Thinking About: Pantheacon and Pagan Gatherings

This past week, there was an announcement made that this coming Pantheacon would be the last. Now, there are quite a few folks who have never heard of Pantheacon. And many, many more that never got the chance to go to one. I made it three years in a row. To be honest, it was an interesting experience, to say the least. All kinds of Pagans, every flavor you could think of. Everywhere. Mingling, talking, laughing, learning, discussing, debating, having fun – because that is really what a convention experience should be like. There was literally something for everyone. Serious panels, panels that took a light-hearted approach, themed panels, concerts, music, and hospitality suites run by various groups. You could find food, drink, conversation, more teaching, more discussion. And none of that gets into the moment that the Krampus Walk gets upon you – and you had no idea what it was or that it was even coming — my first-year experience.

But to be honest, conferences are expensive beasts to run and maintain. From the cost of the hotel itself to all the other smaller details that go into it – putting these on gets expensive, in terms of money. Then there’s the sweat equity of the folks behind the scenes. Making sure that projectors, project screens, speakers, microphones, etc etc are in the correct places at the correct times and working correctly. Managing such mundane details as fire-code issues for room occupancy, maintaining a lost-and-found, providing information for people lost or overwhelmed in the hotel, mitigating issues on behalf of those booked at the hotel with the hotel staff – and the list goes on and on. Its quite an undertaking. I know. I have been there before.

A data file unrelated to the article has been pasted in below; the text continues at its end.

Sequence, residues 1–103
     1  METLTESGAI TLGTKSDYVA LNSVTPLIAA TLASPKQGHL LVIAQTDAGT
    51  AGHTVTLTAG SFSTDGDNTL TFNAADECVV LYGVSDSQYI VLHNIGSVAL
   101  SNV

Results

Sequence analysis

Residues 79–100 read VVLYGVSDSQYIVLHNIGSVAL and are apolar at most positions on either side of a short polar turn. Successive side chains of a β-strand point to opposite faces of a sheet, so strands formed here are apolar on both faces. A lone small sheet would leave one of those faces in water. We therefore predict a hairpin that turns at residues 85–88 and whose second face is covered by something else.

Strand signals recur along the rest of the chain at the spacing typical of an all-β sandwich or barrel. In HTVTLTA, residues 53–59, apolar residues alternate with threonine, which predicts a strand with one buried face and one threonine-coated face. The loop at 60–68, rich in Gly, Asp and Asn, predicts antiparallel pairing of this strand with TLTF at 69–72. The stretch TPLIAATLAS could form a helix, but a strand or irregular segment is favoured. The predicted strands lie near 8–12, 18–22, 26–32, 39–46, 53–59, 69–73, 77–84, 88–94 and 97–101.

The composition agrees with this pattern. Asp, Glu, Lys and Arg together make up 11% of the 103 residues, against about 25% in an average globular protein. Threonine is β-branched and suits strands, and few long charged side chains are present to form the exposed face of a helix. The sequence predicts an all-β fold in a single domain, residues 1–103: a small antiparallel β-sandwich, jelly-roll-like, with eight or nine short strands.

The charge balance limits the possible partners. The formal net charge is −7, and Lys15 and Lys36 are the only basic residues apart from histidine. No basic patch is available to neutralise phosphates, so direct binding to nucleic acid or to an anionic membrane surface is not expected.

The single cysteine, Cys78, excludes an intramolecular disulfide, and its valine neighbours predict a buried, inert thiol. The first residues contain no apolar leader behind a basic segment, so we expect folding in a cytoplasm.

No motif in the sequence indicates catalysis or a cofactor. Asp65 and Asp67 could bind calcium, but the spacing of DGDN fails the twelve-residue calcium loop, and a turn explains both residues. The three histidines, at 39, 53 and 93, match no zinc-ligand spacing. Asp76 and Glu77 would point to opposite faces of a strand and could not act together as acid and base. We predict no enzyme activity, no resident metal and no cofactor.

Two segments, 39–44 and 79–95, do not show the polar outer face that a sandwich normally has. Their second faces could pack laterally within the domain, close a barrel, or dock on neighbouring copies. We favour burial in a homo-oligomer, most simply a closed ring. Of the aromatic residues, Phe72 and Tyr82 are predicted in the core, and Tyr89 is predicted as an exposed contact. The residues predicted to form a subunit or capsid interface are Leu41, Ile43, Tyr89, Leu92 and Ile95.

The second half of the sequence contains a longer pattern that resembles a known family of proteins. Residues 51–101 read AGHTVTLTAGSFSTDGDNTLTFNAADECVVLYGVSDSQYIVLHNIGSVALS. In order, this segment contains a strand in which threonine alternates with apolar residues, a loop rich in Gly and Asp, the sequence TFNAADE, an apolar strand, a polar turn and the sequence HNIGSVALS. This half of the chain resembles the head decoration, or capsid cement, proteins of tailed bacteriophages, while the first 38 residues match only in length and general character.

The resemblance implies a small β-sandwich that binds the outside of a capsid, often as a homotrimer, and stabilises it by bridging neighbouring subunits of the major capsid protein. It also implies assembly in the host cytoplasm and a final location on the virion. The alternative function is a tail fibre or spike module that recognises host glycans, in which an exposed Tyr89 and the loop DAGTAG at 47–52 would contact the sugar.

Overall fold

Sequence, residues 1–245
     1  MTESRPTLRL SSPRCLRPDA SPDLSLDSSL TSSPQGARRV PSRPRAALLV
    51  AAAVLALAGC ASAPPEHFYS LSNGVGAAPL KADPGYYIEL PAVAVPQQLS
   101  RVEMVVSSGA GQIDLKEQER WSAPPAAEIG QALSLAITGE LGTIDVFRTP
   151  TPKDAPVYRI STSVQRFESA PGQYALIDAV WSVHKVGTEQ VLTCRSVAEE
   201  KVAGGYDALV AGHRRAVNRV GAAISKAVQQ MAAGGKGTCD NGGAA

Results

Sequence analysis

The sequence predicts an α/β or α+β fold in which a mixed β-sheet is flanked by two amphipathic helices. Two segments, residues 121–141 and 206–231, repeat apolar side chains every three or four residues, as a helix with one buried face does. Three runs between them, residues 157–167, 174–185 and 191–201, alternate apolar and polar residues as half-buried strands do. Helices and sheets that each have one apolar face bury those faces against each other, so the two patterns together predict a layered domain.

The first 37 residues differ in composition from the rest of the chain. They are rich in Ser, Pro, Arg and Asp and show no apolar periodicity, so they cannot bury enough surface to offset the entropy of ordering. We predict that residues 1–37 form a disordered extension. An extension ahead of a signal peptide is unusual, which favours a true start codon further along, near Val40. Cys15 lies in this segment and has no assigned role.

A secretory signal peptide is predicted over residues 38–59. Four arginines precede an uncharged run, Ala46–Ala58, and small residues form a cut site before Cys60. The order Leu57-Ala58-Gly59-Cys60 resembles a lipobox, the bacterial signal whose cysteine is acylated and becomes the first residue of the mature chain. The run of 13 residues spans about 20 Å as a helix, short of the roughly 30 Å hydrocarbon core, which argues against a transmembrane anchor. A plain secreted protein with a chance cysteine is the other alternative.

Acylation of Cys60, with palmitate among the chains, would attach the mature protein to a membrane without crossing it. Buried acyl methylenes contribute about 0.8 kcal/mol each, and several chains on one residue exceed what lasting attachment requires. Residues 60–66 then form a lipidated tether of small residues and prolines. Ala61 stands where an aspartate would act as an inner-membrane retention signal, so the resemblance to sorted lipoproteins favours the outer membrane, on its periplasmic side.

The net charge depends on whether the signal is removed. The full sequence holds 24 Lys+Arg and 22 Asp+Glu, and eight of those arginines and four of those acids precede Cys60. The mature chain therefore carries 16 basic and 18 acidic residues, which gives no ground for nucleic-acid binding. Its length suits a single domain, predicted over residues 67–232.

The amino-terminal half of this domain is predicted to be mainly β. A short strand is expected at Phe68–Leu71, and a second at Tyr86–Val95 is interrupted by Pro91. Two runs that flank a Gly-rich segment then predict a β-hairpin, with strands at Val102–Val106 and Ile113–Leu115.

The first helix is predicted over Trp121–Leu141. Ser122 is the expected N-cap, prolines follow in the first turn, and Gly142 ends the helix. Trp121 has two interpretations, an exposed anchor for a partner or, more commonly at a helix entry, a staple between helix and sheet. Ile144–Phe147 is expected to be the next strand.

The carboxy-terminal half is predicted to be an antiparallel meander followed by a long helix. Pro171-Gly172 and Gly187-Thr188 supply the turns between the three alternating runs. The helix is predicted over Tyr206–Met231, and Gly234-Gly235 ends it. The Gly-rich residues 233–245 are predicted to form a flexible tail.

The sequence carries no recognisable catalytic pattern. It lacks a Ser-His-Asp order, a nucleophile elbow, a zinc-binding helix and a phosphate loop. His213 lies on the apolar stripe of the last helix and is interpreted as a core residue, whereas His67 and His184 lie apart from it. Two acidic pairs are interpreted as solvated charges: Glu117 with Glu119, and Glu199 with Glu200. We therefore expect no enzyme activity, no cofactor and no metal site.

Back at the beginning of Project Akon, I was the Security Director for the very first two conventions. The first convention went fairly easy, but at the second one, I had to deal with people throwing rocks from the rooftop into the swimming pool below, handling a few sticky-fingers issues within the dealer’s room, and a pair of drunken females wanting to disrobe at the pool in the early morning hours of the night. Each of those moments carried a shit-load of stress for me, and I was only in charge of a single group of volunteers (fifteen to be exact). In the case of both conventions, I think I got less than ten total hours of sleep over each three-day convention. Those days were tough, and I was completely exhausted by the end of it all, but it was grand fun for me. I got to meet and talk with cartoonist Tex Avery (scratch that, I got my “Tex’s” mixed up. It was Bill “Tex” Henson) during the first one, simply because the room I was checking badges for had no one in it. He pulled up a chair, introduced himself and we talked for at least two hours about animation in the 1950s and 1960s. Eventually, we had a small group of folks gathered around, just listening to our conversation.